As every gearhead knows, Tesla had their comeuppance last week. A New York Times reporter tried to drive a Tesla from DC to Boston, it died, and it wouldn’t even roll onto the flatbed recovery vehicle. Tesla then went into media relations meltdown, blaming the journalist for not using their preferred “hypermiling” driving style. 

‘Tis nothin’ new… Back in the late 60s Car and Driver wrote an unflattering Road Test of the new Porsche 914. Somewhere between the writing and distribution Porsche read  the unflattering revue and then read C&D the riot act. Under threat of losing one of their biggest advertisers, C&D backed down and thousands of 914 owners weren’t given fair warning of what they were buying. Couple decades later Daimler was introducing their new Freightliner Century heavy truck, and one of the trucking mags picked a veteran Consolidated Freightways driver with a mere couple million miles behind the wheel of previous Freightliner models to test the new truck. His review wasn’t entirely complementary, and though the revue made it to press Daimler demanded and got a more favorable retest with a different driver/writer. But the truth worked it’s way out- over a decade after it’s introduction, the Century is widely considered to be a cheap throwaway fleet truck, born out by it’s anemic resale value. 

So it’s no surprise that after a Times motojournalist did his job and gave the Tesla a real world test that it colossally flunked, Tesla blamed the motojournalist. Tesla’s chorus of electric car junkies joined in the whining, unwilling to admit that their fantasy of an electric car future isn’t ready for prime time.

It’s not the motojournalists job to produce sugar coated thinly disguised ad copy for the motor vehicle makers. I get suspicious when i see a “softball” road test, conducted on a flat rural freeway or sometimes never even leaving the parking lot. In the real world we buy vehicles and drive them all over the countryside in all seasons and keep on driving them for years and even decades. That’s why a road test route should include city street and dirt road driving as well as easy expressways, and be conducted in as wide a weather extremes as possible. Tested in real world environments, Volvo’s low RPM Interstate cruiser and Hog(NYSE)’s cruisers don’t cut it.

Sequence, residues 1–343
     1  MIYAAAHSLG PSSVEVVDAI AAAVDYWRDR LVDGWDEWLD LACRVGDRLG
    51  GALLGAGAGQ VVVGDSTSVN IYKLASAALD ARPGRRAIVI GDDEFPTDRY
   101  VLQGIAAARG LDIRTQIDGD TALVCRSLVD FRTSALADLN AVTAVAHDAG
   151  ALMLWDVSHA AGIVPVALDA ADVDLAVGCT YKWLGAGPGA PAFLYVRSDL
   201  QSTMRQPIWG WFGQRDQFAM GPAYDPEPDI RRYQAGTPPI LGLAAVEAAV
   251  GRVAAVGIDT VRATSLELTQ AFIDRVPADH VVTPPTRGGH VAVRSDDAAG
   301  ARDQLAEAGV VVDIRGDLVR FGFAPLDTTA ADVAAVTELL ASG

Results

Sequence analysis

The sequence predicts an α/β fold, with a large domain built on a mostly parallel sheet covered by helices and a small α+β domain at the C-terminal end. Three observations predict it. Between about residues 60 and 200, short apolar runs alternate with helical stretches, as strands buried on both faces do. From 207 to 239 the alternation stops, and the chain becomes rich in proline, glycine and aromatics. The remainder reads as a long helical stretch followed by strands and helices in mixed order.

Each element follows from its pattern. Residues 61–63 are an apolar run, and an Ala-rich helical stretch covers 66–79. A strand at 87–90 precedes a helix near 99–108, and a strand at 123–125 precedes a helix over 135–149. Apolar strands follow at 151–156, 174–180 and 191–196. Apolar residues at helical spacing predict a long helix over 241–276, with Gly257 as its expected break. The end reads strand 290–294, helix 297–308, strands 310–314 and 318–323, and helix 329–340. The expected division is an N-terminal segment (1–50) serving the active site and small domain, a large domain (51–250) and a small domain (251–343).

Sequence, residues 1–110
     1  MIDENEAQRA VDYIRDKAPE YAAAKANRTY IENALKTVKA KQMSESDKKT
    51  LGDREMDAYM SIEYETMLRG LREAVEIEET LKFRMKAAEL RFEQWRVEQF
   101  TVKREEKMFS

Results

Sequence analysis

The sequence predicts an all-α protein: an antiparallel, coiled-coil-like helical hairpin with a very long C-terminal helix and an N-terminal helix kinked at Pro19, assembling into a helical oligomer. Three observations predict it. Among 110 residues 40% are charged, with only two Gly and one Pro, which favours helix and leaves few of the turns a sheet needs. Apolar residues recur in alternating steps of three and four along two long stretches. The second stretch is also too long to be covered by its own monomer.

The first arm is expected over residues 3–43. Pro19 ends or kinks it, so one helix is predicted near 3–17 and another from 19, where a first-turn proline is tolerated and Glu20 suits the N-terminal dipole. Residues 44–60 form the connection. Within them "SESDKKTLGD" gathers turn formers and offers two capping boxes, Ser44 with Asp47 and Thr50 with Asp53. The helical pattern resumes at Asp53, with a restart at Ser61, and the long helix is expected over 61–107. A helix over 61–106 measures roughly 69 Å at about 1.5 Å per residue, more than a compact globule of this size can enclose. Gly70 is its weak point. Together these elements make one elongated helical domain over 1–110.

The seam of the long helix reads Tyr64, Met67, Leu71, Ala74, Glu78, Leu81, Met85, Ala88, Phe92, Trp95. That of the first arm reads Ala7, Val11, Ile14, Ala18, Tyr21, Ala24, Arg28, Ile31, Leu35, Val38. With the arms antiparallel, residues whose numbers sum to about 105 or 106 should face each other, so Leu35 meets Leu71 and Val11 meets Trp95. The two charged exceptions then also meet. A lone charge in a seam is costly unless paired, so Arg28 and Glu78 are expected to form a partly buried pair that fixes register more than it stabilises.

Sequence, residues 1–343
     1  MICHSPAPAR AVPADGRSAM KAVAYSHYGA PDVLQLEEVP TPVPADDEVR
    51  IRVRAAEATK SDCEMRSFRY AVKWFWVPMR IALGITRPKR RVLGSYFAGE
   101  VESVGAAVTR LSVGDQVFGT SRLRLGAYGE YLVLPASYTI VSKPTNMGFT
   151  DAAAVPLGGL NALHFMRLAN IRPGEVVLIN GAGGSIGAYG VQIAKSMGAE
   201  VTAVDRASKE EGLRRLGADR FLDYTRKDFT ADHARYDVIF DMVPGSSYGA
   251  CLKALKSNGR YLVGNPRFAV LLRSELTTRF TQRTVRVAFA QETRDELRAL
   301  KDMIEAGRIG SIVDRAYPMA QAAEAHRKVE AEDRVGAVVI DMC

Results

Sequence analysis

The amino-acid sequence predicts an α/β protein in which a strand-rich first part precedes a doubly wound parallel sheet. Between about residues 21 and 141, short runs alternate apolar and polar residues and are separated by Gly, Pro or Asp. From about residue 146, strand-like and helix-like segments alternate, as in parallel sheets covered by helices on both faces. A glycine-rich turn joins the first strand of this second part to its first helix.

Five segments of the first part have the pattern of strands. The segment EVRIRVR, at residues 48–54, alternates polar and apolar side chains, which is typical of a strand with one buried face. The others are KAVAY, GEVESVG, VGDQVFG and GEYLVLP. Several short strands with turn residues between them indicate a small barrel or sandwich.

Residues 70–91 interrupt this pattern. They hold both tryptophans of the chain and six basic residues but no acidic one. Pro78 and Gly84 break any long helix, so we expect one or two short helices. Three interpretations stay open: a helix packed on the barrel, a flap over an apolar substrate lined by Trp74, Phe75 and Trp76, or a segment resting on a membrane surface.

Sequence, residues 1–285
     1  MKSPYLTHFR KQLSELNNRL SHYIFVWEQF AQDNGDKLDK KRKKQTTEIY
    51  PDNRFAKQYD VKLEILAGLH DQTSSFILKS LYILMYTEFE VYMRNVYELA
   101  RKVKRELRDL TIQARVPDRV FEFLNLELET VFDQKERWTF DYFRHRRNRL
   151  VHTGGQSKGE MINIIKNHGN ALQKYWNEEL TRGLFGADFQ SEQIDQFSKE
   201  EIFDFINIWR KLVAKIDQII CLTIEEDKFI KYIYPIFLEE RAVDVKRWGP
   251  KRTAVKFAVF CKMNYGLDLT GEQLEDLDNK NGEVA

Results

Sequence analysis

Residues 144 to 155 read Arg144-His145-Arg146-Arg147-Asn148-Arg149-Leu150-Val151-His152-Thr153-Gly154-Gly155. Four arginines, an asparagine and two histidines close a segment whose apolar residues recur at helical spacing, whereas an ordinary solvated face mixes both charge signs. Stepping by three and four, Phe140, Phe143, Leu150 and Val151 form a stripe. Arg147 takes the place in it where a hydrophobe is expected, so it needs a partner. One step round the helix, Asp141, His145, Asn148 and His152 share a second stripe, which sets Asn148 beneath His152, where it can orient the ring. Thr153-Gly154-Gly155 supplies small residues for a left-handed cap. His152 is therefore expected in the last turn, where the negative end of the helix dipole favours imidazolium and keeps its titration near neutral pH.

And electric cars? Tesla’s is one of the most sophisticated and has the longest range, and it still didn’t make it. Not hard to see why-  at a steady 55 MPH pace that nobody drives at, the Tesla with the biggest battery option has a range of a mere 300 miles. Tesla brags about their “supercharger” charging stations that can recharge in an hour, but there’s less than a dozen in this huge country. On garden variety 120 volt electricity it takes 60 hours to charge a Tesla. Let’s see, I live 600 miles from a Tesla dealer, so a round trip to bring the Tesla in for service would take a mere eight days. On a day like today with heavy wet snow to push through and and power redirected to defrost windows and keep the lights lit, a five year old Tesla would be lucky to make the 150 mile roundtrip to Sioux Falls I made the other day, and then it’d need two and a half days recharging to repeat the “feat”. And this is the best electric car in the biz… can you imagine how short the real world range will be of a decade old Nissan Leaf that’s worth less than the cost of a new battery?

That’s why we need more motojournalists, especially the bloggers and small publishers and nonprofits like Motorcycle Consumer News and Consumer Reports that owe nothing to advertisers because they don’t have any. And BTW, of late CR has been exposing some of the Hybrid and Electric cars questionable mileage and range claims…